A quiet, young 24-year-old woman presented with her husband complaining of heavy menses and abnormal bleeding. This is a pretty common complaint, but with her I could tell this was not some run of the mill abnormal uterine bleeding.
She denied any possibility of pregnancy, as she needed the use of fertility medications to conceive her 1-year-old daughter. However, she had checked a few home pregnancy tests over the course of the summer, which were negative.
The patient reported normal menses following the delivery of her daughter, but starting in January the menses seemed never ending. She would bleed for weeks at a time. Why she didn’t contact the office earlier, I’m not sure. Throughout the summer she continued with these heavy, frequent menses until she could no longer stand it.
Her exam itself was fairly normal. She looked pale and worn out, and reported feeling tired. We reviewed her medical history, which was negative. There was no cancer in family history. Her pelvic exam was unremarkable apart from the large amount of menstrual bleeding she was currently experiencing.
Figuring she maybe had some thyroid imbalance, as well as anemia, I sent her off for a pregnancy test, CBC and TSH. I also ordered a pelvic ultrasound to rule out any fibroids or abnormalities. Her pregnancy test was negative; her TSH was normal. But when the lab called and informed me her CBC showed a Hgb 9.4 and platelets of 25, I knew something was very wrong. It’s never good to a personal call from the lab. We ran a differential and that wasn’t any better. She had blasts at 60 and NRBC 2 with 2+ poikilocytosis. Needless to say we forwent the ultrasound.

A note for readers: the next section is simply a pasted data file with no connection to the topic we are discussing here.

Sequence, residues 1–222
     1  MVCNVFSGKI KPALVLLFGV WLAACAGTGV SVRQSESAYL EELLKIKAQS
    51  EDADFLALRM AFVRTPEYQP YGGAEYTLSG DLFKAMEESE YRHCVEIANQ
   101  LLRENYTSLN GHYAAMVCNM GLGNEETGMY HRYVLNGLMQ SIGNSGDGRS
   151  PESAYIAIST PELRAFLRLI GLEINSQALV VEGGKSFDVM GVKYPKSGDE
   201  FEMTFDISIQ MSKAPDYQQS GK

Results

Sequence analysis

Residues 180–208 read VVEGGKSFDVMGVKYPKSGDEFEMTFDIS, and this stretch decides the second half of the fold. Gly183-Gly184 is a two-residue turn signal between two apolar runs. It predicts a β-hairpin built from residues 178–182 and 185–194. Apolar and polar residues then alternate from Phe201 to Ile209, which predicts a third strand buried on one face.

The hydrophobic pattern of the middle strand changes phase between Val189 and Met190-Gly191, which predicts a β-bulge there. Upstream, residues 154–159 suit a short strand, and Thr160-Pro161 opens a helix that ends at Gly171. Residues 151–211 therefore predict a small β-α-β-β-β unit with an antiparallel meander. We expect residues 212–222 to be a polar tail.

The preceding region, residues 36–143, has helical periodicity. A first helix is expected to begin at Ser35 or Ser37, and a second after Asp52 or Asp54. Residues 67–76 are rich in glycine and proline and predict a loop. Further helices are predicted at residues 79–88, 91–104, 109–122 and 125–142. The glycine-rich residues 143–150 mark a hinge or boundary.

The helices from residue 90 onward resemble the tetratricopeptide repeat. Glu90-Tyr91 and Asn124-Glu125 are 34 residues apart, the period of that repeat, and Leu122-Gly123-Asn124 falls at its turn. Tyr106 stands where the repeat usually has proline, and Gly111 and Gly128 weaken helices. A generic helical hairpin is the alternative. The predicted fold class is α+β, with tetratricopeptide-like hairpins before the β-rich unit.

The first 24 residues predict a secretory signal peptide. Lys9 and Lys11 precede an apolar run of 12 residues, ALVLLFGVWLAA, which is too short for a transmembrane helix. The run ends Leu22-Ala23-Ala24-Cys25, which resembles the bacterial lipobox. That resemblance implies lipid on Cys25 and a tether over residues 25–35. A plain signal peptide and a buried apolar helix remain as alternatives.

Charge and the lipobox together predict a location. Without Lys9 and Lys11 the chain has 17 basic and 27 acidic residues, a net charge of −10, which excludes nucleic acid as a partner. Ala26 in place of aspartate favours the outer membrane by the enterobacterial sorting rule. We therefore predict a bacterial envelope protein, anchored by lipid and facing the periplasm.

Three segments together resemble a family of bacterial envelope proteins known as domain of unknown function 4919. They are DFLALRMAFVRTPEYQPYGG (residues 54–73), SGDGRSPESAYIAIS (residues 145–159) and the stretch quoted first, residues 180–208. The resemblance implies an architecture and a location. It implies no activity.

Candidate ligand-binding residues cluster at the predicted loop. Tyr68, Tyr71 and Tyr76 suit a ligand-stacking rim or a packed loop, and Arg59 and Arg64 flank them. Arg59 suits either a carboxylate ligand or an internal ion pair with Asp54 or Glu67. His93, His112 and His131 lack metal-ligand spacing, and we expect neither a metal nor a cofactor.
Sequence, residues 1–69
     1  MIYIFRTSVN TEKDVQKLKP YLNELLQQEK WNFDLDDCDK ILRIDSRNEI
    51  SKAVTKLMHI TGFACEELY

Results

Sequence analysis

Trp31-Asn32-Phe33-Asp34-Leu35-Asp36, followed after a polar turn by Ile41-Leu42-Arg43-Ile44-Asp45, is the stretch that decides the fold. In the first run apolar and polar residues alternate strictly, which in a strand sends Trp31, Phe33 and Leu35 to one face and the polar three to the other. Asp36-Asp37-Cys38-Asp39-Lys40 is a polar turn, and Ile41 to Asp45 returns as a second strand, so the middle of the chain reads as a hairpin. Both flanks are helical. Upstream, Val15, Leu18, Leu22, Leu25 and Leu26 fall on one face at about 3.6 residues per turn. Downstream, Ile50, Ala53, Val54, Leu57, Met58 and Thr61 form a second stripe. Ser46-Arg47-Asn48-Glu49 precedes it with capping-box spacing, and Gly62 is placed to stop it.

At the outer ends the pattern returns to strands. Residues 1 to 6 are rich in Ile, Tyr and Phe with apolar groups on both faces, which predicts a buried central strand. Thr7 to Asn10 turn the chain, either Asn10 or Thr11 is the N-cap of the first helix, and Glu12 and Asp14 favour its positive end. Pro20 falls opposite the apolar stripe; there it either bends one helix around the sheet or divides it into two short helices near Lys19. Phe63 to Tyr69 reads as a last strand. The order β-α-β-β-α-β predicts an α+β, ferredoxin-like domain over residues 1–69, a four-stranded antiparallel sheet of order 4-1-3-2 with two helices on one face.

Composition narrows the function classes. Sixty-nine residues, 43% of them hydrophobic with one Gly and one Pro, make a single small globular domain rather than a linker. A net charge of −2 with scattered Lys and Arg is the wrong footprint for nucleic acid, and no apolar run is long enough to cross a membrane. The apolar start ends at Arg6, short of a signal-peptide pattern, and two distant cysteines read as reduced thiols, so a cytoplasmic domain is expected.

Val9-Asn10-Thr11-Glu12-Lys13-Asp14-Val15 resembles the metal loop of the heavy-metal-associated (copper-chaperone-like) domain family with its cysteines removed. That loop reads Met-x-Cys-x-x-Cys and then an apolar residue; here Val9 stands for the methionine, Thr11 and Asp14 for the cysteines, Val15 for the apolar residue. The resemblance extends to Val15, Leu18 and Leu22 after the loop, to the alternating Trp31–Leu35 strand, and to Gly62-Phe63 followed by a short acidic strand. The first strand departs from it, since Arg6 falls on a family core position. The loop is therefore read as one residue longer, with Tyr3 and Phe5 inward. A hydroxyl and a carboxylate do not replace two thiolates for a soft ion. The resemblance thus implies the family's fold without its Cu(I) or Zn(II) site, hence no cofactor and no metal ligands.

I’m so thankful to have collaborating physicians who are patient and willing to listen the concerns of nurse practitioners. I spoke with my OB/GYN, who was on call, and just by the look on his face I knew my gut suspicions of leukemia were correct. I was then put in contact with one of our hematologist/oncologists, and he insisted upon working her into his schedule that same day.
We were able to track the patient down after she left the lab, and she presented to hematology/oncology the same day I saw her. She had a bone marrow biopsy, which confirmed acute myeloid leukemia. She was admitted and has undergone chemotherapy.
I’m happy to report the patient is now doing very well. I had the opportunity to visit her while she was an inpatient, and she thanked me for saving her life. I told her I was thankful she came in when she did and that her daughter will have a mom around to see her grow.
I will never forget this patient. I’m sure I’ll have many more ‘remember whens’ throughout my career, but she is certainly one of my most memorable.
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